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Solder joint issue

Views: 1540

Mark

#41589

Solder joint issue | 17 May, 2006

Hello,

I have recived from customer PCB where he found that big SMD electrolytic capacitor just fell off.

I checked this boards (FR4 , Au/Ni coating). I noticed that all solder remained on the termination of capacitors and looks ok but on the board pads are like someone just cut it - very flat surface. What can be a resone PCB coating?. Wetting ? Process is lead free by the way. Alloy SAC305.

Regards

Mark

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RDR

#41591

Solder joint issue | 17 May, 2006

What color is the pad? coated with solder?, black?, still gold?

Russ

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Mark

#41593

Solder joint issue | 17 May, 2006

Hi , It looks like there is solder (shiny like mirror surface). Defently not black and not gold.

Regards

Mark

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Chunks

#41595

Solder joint issue | 17 May, 2006

I would suspect touch-up/repair, unless all your caps are falling off. I know our operators use two irons to solder both sides at the same time. If it's not flay and square, yo may get the defect you are talking about.

Another area is co-planarity. I have some SMD cpas like this and the leads are simply bent into a plastic carrier. You may want to double check for this as well. Again, I'm not sure if you have one or a bunch of failures.

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#41613

Solder joint issue | 17 May, 2006

Chunks learn to spell first, then you can place blame on the operators. That's all yu do - blame operators. Get the facts first, even we know how to do that.

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RDR

#41629

Solder joint issue | 18 May, 2006

Good post WML! you helped a lot!,

Chunks brings up good point. Are there vias that can be shorted by this component being slightly misaligned? When reworking there could be residual solder or even flux that has shorted the pads or component, etc...

Are you using immersion or plated gold?

Russ

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#41636

Solder joint issue | 18 May, 2006

Perhaps a PhD should be able to recognize the difference between a typographical error and a spelling error. Even WE can see that one.

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#41638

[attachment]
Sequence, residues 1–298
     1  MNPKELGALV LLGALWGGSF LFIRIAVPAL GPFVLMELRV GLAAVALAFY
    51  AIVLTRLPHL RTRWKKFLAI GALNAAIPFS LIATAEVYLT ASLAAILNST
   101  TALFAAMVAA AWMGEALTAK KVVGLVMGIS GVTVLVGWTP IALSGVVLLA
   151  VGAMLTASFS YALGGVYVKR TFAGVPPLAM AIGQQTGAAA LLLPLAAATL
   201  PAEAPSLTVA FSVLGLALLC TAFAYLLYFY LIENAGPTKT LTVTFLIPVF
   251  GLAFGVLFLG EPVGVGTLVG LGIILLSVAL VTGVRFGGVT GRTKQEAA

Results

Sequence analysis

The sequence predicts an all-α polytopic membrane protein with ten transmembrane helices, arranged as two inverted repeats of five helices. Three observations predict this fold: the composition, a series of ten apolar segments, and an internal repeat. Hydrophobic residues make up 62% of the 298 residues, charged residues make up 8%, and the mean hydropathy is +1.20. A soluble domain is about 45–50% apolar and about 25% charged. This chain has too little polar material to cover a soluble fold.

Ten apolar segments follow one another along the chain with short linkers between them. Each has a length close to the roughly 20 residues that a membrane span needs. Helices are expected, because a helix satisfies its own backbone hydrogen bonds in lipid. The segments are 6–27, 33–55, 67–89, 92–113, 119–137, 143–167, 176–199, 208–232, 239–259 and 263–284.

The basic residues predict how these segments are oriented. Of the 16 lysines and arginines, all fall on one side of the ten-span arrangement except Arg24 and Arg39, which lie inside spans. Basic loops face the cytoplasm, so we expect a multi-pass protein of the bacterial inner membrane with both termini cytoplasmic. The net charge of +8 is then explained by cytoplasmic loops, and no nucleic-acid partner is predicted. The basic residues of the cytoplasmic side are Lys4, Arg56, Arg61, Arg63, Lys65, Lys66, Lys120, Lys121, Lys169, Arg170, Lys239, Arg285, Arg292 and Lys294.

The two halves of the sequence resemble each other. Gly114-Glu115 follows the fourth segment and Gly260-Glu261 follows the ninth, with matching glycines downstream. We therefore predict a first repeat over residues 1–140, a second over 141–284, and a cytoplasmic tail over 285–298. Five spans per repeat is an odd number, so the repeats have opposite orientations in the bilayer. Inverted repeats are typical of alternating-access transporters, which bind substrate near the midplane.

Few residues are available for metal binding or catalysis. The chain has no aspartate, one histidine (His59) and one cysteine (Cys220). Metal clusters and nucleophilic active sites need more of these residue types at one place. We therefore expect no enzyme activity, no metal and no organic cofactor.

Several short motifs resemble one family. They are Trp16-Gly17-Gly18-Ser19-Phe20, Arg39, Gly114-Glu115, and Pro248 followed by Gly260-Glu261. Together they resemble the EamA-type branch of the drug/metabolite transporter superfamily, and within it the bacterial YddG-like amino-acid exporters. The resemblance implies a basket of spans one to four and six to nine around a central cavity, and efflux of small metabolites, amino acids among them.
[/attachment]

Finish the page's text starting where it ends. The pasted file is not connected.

Solder joint issue | 18 May, 2006

Are you seeing added solder or is it possible you're looking at nickel?

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Chunks

#41645

Solder joint issue | 18 May, 2006

Thanks Doctor - as always, you're right. I must've been typing with my mittens on. It's starting to get cold on this part of the planet these days. I wasn't blaming anyone, just trying to take a few questions marks away so "we're" left with the answer. Prescribe yourself a Chill Pill and call me in the morning.

One other thing to look at is if this part has a homeplate style aperture in the stencil. I have a few like this, and they cause some skewing. Just another thought to take a question mark away.

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#41648

Solder joint issue | 18 May, 2006

I'm not on the production floor on a daily basis like the other guys here but here's my 2 cents: With a Ni/Au plating the inter-metallic that needs to be formed is Ni/Sn. Ni/Sn inter-metallic requires higher peak assembly temperature and a longer dwell at peak temperature compared to fex. hasl (where the IMC is already made). What I suspect happening is that due to a lack of heat to the "big" capacitor an IMC is made between the Ni and Au only, leaving the solder strength depending on just the Ni/Au interface.

I would check with a thermocouple and make sure you reach the peak temp as required for the type of paste you use

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Chunks

#41666

Solder joint issue | 18 May, 2006

Hi Mark,

I feel like a broken record since I keep replying to this thread. BUT, I remembered a large lytic cap that we had a couple years ago, doing the same thing. The base of the cap would expand in reflow and the bottom would bulge out and only allow on leg to solder. Just another thing to look for (i.e. Good Doctor need not reply).

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#41682

Solder joint issue | 18 May, 2006

Hypothesis #1: We agree with Steve. You are probably seeing the nickel underplate. The gold was absorbed into the solder in portions of a second, so that you don't see it is not surprising.

We're guessing that the gold was porous and allowed the nickel to corrode, making it difficult to solder. Prove this is correct by soldering the pad with a hand soldering iron and the paste that you use routinely.

When corroded nickel problems occur, they are usually more wide spread that an isolated pad; which is the criticism of this hypothesis.

Hypothesis #2: That the solder climbed the lead and departed the pad is curious. When this happens, it usually means that the lead was much warmer than the pad.

We're guessing the pad is heavily heat-sinked, preventing proper reflow of the solder. Prove this is correct by profing the board with thermocouples on this pad and other pads as a reference.

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